Hello! It’s me!


I am in sunny Arizona. A-R-I-Z-O-N-A!

No more peeking my head out of the rig to see if we are there yet.


No more demanding control over my own leash.


And no more curling up in the fetal position for eight hour days filled with potholes and road construction.


From here on out, it’s family (I hear my Mom has a Sister who sounds just like her – can’t wait to have my mind blown by that one), friends, and fun. Things are looking up!


Peaks and Valleys

Hello. It’s me!


Southern Utah and Northern Arizona are simply loaded with peaks and valleys. And brontosauruses.

We raced south at speeds exceeding those of a pace car in the Daytona 500.


We found snow.


We found bone-chilling cold.


After hours of peaks, we found a valley (or a canyon, you pick). I wanted to stretch my legs.


And stretch ’em I did!


I’m a big fan of the Colorado River.



Check out this one … #photobomb


I made new friends.


And I caucused with my peeps.


We’re closing in on our destination. After a long day of peaks and valleys, my consciousness descended into a valley.


Seeing The Sights That Matter

Hello! It’s me.


Sure, Mom and Dad repeatedly pointed out the boundless beauty of the State of Utah.

Bugs on the windshield … that’s good stuff!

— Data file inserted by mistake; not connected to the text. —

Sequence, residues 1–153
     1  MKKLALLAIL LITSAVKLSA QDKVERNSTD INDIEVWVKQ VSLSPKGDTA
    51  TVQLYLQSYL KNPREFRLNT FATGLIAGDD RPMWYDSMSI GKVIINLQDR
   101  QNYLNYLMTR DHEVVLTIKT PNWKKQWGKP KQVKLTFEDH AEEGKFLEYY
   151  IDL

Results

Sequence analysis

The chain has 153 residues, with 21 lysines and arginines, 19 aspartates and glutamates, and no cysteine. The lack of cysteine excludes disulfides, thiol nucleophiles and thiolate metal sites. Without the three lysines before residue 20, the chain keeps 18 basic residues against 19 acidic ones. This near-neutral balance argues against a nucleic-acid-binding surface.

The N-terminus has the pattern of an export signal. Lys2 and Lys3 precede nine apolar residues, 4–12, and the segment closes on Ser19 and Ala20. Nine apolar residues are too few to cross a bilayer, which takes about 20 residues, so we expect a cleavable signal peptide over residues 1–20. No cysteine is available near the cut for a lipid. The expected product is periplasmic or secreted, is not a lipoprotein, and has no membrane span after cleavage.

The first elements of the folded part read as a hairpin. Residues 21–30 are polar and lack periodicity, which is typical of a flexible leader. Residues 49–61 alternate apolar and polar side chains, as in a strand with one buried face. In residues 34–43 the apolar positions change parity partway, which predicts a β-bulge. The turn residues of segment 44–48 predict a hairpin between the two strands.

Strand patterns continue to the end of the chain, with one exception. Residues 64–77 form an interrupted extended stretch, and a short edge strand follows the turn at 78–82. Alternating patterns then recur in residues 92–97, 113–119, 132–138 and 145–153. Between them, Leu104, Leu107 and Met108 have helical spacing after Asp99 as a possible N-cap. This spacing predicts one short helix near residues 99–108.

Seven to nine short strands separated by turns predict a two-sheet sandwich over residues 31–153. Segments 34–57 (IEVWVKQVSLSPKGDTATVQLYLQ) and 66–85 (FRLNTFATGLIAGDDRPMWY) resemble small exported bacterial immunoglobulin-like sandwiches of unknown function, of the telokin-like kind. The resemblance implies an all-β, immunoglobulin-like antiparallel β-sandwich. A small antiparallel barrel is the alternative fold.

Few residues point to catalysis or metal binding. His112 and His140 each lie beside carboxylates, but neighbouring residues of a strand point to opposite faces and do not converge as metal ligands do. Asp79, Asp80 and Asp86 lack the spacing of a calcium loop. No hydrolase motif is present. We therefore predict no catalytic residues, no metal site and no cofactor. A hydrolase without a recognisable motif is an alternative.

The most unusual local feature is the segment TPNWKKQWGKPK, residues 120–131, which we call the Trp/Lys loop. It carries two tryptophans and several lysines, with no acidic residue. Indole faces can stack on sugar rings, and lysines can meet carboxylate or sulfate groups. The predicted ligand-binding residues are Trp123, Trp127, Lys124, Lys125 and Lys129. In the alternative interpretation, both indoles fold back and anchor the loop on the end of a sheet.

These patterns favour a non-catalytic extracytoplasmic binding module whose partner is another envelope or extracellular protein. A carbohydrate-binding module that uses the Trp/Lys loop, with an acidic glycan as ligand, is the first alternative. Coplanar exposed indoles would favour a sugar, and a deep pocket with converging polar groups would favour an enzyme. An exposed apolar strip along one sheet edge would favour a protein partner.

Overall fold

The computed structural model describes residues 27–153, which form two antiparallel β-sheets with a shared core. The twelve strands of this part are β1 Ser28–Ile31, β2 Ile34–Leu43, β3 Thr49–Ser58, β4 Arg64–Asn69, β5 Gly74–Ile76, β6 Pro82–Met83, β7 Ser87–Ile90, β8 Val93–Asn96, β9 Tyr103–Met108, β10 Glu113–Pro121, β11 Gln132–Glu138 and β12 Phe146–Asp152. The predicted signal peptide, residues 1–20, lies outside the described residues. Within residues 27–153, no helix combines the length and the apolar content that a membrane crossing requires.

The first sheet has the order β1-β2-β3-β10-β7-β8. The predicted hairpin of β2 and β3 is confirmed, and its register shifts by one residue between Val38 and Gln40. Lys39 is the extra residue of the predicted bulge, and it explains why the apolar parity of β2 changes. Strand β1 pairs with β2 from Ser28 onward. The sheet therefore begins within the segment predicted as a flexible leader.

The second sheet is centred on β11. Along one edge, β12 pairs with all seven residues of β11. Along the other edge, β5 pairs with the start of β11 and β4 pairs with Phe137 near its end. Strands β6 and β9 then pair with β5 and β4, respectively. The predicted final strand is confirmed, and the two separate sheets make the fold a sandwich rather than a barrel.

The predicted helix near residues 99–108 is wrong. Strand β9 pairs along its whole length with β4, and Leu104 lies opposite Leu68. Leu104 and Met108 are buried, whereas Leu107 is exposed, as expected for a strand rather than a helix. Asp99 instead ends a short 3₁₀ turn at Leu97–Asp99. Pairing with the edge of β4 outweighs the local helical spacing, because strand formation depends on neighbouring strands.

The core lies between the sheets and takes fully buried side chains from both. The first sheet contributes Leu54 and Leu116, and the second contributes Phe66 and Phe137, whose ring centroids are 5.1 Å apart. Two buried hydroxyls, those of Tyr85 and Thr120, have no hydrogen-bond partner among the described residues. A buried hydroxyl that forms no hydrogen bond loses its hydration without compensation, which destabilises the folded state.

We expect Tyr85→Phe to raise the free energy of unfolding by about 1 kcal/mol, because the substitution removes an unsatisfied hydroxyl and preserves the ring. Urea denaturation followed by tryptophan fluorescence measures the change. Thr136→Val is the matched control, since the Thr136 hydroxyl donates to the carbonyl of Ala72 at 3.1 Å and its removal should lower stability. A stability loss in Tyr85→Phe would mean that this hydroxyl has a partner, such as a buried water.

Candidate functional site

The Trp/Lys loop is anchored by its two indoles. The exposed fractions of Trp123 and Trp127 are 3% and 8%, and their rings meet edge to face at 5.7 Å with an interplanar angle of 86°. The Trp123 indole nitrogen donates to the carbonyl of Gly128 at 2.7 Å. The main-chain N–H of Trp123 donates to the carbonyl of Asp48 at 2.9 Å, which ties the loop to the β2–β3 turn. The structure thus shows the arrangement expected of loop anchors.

I waited patiently for my big opportunity.

And then … amid 64 degree temperatures, 15% humidity, and 35mph winds deeply rooted in a Pineapple Express, my sightseeing opportunity unfolded in front of my own eyes.


Disneyworld. Arches National Park. Petco. Those are the big three, friends.

Petco is a magical establishment, one where the ferrets frolick behind glass, the zebra danios thrive in a climate controlled environment, and pups like me can buy treats, chewies, and assorted flea medications. Now, you are under no obligation to buy anything. But let’s be honest. Five minutes in this store, and you’re walking out with all sorts of unnecessary gluten free organic smoked treats.

Which brings me to my favorite sight-seeing prize of the day:


Tomorrow, our trip takes us to Arizona. In just four days, we will have traveled from within miles of the Canadian border to within miles of the Mexican border. That’s a lot of miles. And dead bugs. I offer my heartfelt thanks to the residents of Idaho and Utah for legislating on my behalf #80mphspeedlimitssavetimebutnotgas



Go Potty!

Hello! It’s me.


That’s the luxury and comfort afforded by a touring coach.